A global open source licence compliance project, designed to simplify and make open source license compliance more consistent for participants of the software supply chain, has been backed by Microsoft.
The OpenChain Project, through its OpenChain Curriculum, looks to produce the “educational foundation” for open source processes and solutions creating a more predictable, understandable an efficient open source license compliance process for the software supply chain.
Microsoft joins other global technology powerhouses, including Uber, Google and Facebook, and will will help establish best practices and global standards for open software compliance. This will allow its customers to have even greater choice and opportunity to “bridge Microsoft and other technologies in heterogeneous environments.”
"Trust is key to open source, and compliance with open source licenses is an important part of building that trust," said David Rudin, Assistant General Counsel, Microsoft. "By joining the OpenChain Project, we look forward to working alongside the community to define compliance standards that help build confidence in the open source ecosystem and supply chain."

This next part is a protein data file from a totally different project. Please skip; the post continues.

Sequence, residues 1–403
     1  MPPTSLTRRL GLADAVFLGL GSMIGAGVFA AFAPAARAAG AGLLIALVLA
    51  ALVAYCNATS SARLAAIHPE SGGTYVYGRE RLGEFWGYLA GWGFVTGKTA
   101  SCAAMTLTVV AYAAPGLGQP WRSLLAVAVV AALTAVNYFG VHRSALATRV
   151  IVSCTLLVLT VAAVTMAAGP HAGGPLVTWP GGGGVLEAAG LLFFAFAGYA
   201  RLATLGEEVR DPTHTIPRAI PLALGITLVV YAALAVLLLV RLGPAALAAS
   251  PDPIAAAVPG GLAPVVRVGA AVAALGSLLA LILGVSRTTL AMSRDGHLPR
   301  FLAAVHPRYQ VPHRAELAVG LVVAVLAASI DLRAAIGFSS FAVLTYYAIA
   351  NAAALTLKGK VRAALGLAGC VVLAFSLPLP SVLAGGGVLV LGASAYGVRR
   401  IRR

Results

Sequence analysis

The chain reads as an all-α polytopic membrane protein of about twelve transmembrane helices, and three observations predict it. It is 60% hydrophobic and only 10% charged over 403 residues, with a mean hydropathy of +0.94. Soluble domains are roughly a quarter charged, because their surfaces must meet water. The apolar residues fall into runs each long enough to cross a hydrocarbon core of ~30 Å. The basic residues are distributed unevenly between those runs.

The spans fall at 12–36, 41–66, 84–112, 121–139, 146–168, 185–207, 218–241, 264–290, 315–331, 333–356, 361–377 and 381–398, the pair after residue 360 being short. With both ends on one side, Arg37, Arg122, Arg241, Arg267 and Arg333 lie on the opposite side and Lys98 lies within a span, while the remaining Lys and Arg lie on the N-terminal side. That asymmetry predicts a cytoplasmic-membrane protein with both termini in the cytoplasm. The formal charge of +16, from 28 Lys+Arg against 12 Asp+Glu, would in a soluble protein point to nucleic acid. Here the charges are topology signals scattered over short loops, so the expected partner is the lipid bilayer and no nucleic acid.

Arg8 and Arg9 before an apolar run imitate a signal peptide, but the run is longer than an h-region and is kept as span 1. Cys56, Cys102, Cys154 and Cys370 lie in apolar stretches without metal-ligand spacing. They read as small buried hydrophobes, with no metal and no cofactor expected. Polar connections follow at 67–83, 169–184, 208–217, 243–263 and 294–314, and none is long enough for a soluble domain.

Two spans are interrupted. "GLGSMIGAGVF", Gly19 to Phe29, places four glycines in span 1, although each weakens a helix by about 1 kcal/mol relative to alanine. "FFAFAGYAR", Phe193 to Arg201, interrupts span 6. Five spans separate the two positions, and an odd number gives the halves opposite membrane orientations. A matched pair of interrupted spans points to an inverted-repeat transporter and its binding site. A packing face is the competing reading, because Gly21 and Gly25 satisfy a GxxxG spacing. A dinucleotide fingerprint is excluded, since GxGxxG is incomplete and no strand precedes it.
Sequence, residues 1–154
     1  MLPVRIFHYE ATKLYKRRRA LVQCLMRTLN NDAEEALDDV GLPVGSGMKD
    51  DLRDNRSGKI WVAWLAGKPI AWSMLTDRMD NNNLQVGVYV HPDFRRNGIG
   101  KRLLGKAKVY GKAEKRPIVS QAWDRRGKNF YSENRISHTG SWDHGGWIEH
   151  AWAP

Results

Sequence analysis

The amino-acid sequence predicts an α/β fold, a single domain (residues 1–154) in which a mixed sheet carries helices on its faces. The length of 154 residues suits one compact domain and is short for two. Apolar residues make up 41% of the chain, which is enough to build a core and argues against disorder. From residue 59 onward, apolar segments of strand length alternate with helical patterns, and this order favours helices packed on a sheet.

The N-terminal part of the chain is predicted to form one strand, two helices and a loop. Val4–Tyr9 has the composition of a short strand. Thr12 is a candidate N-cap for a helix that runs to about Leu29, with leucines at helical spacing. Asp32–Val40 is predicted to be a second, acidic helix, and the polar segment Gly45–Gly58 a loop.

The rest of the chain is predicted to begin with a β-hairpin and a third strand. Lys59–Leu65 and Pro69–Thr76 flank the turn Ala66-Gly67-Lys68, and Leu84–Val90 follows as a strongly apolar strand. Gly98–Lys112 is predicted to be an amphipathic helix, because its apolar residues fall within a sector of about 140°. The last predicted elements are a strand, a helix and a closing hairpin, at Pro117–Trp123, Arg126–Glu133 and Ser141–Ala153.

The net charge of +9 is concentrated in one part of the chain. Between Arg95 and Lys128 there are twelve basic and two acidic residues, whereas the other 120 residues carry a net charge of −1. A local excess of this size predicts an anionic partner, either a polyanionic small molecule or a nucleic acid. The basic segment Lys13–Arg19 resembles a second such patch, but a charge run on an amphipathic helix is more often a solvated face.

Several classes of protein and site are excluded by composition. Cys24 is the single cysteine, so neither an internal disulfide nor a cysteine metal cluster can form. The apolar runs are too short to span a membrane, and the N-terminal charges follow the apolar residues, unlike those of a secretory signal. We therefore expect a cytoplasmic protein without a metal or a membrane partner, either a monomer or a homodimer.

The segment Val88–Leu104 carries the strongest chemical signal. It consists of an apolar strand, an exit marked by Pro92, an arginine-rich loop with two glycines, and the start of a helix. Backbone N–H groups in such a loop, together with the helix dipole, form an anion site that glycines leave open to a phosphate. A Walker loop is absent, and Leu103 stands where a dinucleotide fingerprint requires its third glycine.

"We're thrilled that Microsoft has joined the project and welcome their expertise," said Shane Coughlan, OpenChain General Manager. "Microsoft is a strong addition not only in terms of open source but also in standardization. Their membership provides great balance to our community of enterprise, cloud, automotive and silicon companies, allowing us to ensure the standard is suitable for any size company across any industry."
As a platinum member, a representative from Microsoft will join the OpenChain Governing Board. Other platinum members of the OpenChain project include Adobe, ARM Holdings, Cisco, Comcast, Facebook, GitHub, Google, Harman International, Hitachi, Qualcomm, Siemens, Sony, Toshiba, Toyota, Uber and Western Digital.